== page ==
By Melissa Romualdi.

Michelle Yeoh and Cate Blanchett both starred in big pictures this year, however the actresses revealed that each of their iconic characters were originally meant for a male.

In “Everything Everywhere All at Once”, Yeoh plays Evelyn Wang, a Chinese American immigrant running a family-owned laundromat whose life implodes “when she discovers during a tax audit with vindictive IRS agent Deirdre Beaubeirdre (Jamie Lee Curtis) that she must save her family by hopping through the multiverse, using powers she didn’t know she had,” as per Variety

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During a new interview with Yeoh, conducted by Blanchett for the outlet’s new Actors on Actors issue, she chats about playing roles written for men.

“I think it’s the norm, because it would be easier to finance. It would be easier to understand that a guy would multiverse jump. But then they changed it into a mother role,” she told Blanchett.

The “Crazy Rich Asians” star added that when a character is not the most likeable, such as Blanchett’s Lydia Tár in “Tár”- a famous conductor whose “carefully constructed life falls apart” after “her abuses of power are exposed”- actresses will tend to stay away from such roles, especially if they don’t have the confidence to portray the character.

“It brings up a lot of questions,” she explained. “‘Why would you try and portray someone like that?’”

Blanchett then revealed that her lead character was also originally a male role.

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“Because the film is a meditation on power, you would’ve had a much less nuanced examination of that. We understand what the corruption of male power looks like, but we need to unpack what power is itself,” she said.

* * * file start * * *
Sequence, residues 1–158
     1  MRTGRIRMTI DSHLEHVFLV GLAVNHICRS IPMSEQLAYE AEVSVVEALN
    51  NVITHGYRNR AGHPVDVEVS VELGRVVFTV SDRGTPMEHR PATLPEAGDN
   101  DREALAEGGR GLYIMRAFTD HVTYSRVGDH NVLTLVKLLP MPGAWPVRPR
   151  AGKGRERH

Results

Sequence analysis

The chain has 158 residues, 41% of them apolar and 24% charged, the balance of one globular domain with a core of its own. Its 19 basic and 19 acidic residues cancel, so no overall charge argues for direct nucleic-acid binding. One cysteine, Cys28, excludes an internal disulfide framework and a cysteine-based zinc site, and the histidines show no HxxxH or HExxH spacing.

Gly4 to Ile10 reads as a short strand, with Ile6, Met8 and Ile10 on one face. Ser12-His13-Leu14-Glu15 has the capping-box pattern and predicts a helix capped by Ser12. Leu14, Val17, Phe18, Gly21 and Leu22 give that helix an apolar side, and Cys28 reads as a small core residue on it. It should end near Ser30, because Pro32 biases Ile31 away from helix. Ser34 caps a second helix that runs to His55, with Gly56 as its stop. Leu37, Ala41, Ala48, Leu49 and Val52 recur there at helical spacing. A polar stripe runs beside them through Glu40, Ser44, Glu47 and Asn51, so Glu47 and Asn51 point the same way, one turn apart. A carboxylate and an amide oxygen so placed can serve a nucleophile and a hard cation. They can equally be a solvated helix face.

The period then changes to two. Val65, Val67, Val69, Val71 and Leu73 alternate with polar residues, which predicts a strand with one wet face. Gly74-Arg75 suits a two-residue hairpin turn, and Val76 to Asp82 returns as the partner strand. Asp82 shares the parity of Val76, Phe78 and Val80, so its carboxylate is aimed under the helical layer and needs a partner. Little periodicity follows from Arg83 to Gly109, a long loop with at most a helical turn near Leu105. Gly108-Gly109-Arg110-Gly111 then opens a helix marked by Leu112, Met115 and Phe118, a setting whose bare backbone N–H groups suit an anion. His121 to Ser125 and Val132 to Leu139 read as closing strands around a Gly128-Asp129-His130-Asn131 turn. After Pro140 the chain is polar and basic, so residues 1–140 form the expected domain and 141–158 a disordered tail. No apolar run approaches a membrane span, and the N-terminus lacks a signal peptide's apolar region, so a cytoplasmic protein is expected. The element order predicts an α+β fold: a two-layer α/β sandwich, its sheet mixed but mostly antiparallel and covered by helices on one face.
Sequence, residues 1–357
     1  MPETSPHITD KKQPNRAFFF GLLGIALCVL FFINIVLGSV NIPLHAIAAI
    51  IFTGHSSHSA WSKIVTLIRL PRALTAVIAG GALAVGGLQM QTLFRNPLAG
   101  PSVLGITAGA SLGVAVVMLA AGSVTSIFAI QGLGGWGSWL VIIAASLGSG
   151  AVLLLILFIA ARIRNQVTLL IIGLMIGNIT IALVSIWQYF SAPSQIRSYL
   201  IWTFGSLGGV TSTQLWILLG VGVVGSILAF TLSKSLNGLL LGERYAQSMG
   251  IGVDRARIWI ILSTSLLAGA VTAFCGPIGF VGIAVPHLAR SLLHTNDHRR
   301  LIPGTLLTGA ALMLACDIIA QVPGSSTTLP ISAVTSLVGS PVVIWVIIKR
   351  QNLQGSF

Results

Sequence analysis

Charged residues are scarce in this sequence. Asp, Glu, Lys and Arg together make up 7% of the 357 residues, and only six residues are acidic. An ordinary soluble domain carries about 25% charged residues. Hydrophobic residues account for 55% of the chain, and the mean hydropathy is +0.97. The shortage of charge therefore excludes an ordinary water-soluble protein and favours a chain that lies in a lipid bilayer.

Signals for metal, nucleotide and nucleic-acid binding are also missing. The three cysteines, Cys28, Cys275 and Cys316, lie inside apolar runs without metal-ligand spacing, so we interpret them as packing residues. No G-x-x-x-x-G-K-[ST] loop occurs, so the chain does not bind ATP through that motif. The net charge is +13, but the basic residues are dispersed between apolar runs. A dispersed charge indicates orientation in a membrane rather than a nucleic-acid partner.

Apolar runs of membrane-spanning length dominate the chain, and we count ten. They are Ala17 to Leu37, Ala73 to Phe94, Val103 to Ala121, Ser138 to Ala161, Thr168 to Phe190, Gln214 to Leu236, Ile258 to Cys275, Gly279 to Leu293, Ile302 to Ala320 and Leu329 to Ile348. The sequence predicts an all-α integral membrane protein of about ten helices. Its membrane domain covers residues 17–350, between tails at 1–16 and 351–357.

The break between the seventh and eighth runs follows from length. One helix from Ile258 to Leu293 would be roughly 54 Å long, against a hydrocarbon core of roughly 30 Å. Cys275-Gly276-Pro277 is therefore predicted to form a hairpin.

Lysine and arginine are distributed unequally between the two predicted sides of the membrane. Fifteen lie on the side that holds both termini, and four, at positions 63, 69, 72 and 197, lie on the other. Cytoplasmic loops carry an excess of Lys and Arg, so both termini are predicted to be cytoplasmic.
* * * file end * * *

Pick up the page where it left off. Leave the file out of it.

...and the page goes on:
Yeoh shared that she was “very gratified” to finally get a script with “a very nondescript woman, immigrant woman.”

“She’s been around us for the longest time, trying to live the American dream — and so have I. And to make such an ordinary woman be extraordinary, it’s very fulfilling, because I think that is all of us,” Yeoh told Blanchett.

“There’s so many of us out there who are very quiet and think they’ll just go along their way and maybe nobody will notice them. They’re not successful enough, and they’re not well-to-do enough,” she  continued. “It was such a joy to say, ‘No, look at what we can do for her,’ and give her that loud, strong voice.”

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Yeoh added that it’s very important for her to feel that “the director is a visionary and I’m one of their tools.”

“The only thing I said to [directors Daniel Kwan and Daniel Scheinert] was, ‘The character cannot be called Michelle Wang.’ They’re like, ‘But why? It’s so you.’ I’m like, ‘No, I’m not an Asian immigrant mother who’s running a laundromat. She needs her own voice’,” she explained. “That was the only thing. I’m like, ‘If you don’t change the name, I’m not coming in.’”


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Ellen Bullock